“I was stubborn, because I wanted to prove to my editor that such a person existed. So students listen to this—I kept at it. I kept at it. On the 57 call I said, ‘Hello, my name is Wil Haygood, I’m a writer at the Washington Post and I’m looking for Mr. Eugene Allen who worked for two presidents at The White House.’ And the gentleman on the other end said, ‘Ah, that’s me. My name is Eugene Allen. Except sir, you have your facts wrong. I didn’t work for two presidents, I worked for eight. From Harry Truman to Ronald Reagan. So by my math, that’s eight.”
Allen’s life was a real life Forrest Gump-like experience. He not only worked for eight Presidents, but had a front row seat to some of the best (and worst) moments in modern American history, as well as seeing/meeting/serving a whole host of iconic Americans: Duke Ellington, Sammy Davis Jr, Michael Jackson, Frank Sinatra and Martin Luther King Jr.
Haygood’s article A Butler Well Served by This Election ran in The Washington Post November 7, 2008. Allen was invited to the inauguration and went escorted by his son and Haygood.
“He saw the first African American President take the oath of office. And he leaned over to me and said ‘This is the first inauguration I’ve ever been invited to.’ He also said as we were leaving,’When I was in The White House, you couldn’t even dream that you could dream of a moment like this.’ He used the word dream twice.”
Something else that I imagine Allen couldn’t dream was that his life (and Haygood’s article) would be the inspiration for the movie Lee Daniels’ The Butler , starring a whole host of stars; Forest Whitaker, Oprah, Cuba Gooding Jr, Venessa Redgrave, John Cusack, and Terrence Howard. Allen died in 2010 before the move came out in 2013.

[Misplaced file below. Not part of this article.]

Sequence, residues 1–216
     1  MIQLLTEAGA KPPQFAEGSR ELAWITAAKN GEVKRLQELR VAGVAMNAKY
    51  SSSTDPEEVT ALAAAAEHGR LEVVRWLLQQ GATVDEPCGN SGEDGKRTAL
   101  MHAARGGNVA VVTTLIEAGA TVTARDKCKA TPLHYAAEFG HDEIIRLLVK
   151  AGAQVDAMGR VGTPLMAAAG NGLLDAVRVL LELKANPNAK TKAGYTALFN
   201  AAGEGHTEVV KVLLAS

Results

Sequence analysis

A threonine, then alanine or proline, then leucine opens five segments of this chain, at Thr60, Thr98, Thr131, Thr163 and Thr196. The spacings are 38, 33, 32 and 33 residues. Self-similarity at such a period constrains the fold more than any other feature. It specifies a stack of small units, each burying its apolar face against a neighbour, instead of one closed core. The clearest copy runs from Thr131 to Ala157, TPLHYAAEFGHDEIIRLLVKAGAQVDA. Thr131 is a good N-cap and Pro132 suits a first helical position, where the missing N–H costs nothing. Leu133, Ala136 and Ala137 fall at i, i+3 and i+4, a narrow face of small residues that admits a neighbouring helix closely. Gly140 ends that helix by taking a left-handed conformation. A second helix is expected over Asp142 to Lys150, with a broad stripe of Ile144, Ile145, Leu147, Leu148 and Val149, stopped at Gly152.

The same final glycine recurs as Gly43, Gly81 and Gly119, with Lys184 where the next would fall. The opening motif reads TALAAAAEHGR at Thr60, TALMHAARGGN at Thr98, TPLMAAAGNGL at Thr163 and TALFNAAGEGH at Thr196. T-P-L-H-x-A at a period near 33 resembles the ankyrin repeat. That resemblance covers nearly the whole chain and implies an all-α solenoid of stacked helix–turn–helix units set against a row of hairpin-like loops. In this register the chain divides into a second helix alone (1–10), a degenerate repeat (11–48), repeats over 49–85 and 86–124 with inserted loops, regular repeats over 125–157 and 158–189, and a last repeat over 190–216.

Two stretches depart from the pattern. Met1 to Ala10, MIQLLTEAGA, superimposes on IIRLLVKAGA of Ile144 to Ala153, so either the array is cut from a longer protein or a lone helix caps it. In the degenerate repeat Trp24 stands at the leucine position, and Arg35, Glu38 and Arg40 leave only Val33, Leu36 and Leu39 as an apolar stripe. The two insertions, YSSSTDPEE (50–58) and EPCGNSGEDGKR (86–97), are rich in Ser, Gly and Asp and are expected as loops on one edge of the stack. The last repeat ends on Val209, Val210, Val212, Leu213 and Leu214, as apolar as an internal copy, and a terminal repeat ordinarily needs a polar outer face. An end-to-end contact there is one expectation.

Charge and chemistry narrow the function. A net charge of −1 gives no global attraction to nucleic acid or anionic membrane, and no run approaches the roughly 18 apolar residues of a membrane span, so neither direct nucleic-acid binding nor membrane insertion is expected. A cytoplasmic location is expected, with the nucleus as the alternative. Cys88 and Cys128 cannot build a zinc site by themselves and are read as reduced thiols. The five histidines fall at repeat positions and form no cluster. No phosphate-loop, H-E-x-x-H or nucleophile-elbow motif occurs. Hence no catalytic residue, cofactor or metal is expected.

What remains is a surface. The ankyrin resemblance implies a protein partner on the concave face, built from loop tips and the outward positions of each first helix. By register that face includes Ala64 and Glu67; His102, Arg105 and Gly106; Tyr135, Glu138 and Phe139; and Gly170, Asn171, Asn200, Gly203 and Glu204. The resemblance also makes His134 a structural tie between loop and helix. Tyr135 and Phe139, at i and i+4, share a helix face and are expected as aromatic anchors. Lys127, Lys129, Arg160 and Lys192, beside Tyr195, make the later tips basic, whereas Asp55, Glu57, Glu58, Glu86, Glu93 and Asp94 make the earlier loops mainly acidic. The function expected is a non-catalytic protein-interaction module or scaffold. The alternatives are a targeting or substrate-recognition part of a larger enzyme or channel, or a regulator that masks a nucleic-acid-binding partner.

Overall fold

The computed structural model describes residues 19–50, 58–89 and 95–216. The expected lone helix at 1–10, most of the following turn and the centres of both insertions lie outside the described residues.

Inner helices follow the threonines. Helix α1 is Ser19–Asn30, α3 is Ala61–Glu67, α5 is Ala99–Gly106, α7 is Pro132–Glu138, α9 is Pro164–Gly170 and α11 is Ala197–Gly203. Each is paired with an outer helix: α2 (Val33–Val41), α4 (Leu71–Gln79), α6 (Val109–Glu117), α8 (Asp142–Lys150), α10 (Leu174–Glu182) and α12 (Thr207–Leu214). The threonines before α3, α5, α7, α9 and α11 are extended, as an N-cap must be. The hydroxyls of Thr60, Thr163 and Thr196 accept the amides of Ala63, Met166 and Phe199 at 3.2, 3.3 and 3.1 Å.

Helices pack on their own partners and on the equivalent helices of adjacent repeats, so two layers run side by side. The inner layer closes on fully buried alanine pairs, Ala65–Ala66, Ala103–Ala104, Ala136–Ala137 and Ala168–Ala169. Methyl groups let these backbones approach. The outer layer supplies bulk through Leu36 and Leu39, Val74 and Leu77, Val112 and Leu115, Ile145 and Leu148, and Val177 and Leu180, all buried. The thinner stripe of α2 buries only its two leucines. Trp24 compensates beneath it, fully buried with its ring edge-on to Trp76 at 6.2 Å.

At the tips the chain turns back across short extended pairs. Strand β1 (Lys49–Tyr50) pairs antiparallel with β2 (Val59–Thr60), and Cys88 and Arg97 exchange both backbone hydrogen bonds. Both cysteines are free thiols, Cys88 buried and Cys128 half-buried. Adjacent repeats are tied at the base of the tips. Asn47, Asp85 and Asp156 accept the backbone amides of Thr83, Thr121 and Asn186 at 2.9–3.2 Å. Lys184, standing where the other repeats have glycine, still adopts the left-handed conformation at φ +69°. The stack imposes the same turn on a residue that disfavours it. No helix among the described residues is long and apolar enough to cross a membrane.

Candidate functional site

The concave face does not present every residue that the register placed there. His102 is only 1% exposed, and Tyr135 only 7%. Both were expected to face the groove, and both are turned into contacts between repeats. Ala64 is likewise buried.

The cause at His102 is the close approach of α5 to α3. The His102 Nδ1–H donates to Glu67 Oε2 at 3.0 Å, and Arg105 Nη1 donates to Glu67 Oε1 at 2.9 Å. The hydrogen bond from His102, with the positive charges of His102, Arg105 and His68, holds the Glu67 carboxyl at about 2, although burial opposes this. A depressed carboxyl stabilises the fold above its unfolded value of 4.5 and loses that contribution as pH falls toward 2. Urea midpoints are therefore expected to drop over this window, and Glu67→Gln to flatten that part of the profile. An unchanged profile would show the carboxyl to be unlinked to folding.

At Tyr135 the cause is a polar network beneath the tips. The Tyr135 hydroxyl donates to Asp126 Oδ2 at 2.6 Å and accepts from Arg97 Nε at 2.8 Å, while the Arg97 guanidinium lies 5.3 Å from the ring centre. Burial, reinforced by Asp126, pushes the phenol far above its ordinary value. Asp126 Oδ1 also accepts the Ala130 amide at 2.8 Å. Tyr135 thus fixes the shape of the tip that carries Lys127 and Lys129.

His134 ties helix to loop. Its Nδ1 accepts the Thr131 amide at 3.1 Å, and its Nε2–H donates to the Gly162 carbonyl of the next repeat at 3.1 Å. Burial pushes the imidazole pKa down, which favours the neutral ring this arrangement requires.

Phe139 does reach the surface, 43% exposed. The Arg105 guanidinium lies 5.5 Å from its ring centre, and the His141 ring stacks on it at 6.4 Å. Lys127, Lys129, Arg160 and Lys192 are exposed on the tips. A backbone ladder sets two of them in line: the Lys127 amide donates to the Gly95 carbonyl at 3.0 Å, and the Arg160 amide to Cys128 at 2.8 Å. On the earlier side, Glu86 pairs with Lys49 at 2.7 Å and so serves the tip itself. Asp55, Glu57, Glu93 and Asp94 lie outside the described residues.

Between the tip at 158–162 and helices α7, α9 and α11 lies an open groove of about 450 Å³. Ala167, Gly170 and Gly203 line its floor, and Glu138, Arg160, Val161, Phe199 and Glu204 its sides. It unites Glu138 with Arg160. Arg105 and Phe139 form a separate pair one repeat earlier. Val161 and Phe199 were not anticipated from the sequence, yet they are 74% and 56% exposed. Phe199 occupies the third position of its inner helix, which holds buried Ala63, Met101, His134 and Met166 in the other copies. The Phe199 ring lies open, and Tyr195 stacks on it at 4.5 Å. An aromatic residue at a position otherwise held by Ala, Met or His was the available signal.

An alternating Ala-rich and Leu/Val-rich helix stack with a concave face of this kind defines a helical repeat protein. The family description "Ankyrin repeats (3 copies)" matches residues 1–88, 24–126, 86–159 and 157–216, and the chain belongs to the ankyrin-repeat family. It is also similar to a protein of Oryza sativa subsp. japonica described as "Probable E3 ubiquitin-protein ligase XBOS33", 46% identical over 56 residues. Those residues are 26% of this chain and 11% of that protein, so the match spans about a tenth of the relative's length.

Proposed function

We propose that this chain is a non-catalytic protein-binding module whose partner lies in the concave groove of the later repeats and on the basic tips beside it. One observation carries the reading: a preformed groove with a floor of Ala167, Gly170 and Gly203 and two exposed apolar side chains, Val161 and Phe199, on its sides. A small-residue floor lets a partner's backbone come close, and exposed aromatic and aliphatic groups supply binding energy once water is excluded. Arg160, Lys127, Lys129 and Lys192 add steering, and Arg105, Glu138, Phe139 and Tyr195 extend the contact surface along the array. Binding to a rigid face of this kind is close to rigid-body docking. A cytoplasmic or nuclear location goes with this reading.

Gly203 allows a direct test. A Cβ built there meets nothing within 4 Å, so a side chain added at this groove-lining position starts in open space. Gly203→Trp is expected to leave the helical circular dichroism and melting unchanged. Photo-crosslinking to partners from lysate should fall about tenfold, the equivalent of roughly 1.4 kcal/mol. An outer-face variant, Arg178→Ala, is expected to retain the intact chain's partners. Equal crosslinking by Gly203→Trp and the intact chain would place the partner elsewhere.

Haygood wrapped up his talk last week saying that Allen gave him a gold plated tie clip that John F. Kennedy had given him. He added that he was wearing that tie clip, and ended saying that Allen’s house has been designated a historic landmark, and made this observation:
“In a way the story is almost spiritual. For it says in the Bible, that the last shall be first and the first shall be last. ‘ I like to think that the butler is up there in heaven with Dr, King, with the Supreme Court Justice Thurgood Marshall , with all those he served who are up there are well. The butler, the man who used to sweep up the movie theater at The White House. And I’d like to think that he’s walking around saying to them, ‘Hey, would you like to watch a movie tonight? It’s about a butler.’
Special thanks to John Watson at Valencia for securing a copy of Wil Haygood’s talk for me to pull exact quotes.
P.S. I bought Haygood’s book and he signed it for my high school English and creative writing teacher Dr. Annye Refoe who not only helped put me on the track where I have earned my creative living the past 30 years, but who being a black woman raised Sanford, Florida showed a class full of white students A Raisin in the Sun and discussed the writings of Zora Neale Hurston. Later as work would take me through Watts in LA, Overtown in Miami, Cabrini Green in Chicago, Harlem in New York—and really everywhere—I’ve never stopped seeing the world through the lens she provided.
One butler, one writer, one teacher really can make a positive impact in the lives of many.
And I’ll close with this the video below of the multi-media performance of Three Black Kings I shot and edited a few of years ago with artist Gary Kelley. It was performed live by the Waterloo-Cedar Falls Symphony under the direction of conductor Jason Weinberger.
25 Links Related to Blacks and Filmmaking
Martin Luther King Jr. & Screenwriting
President Obama, the Man & Iowa Seeds
Nelson Mandela, Robben Island & Nudging the World
The First Black Feature Filmmaker
Writing ‘Good Will Hunting’ (That other movie)
The Perfect Ending Valencia College’s connection to Game of Thrones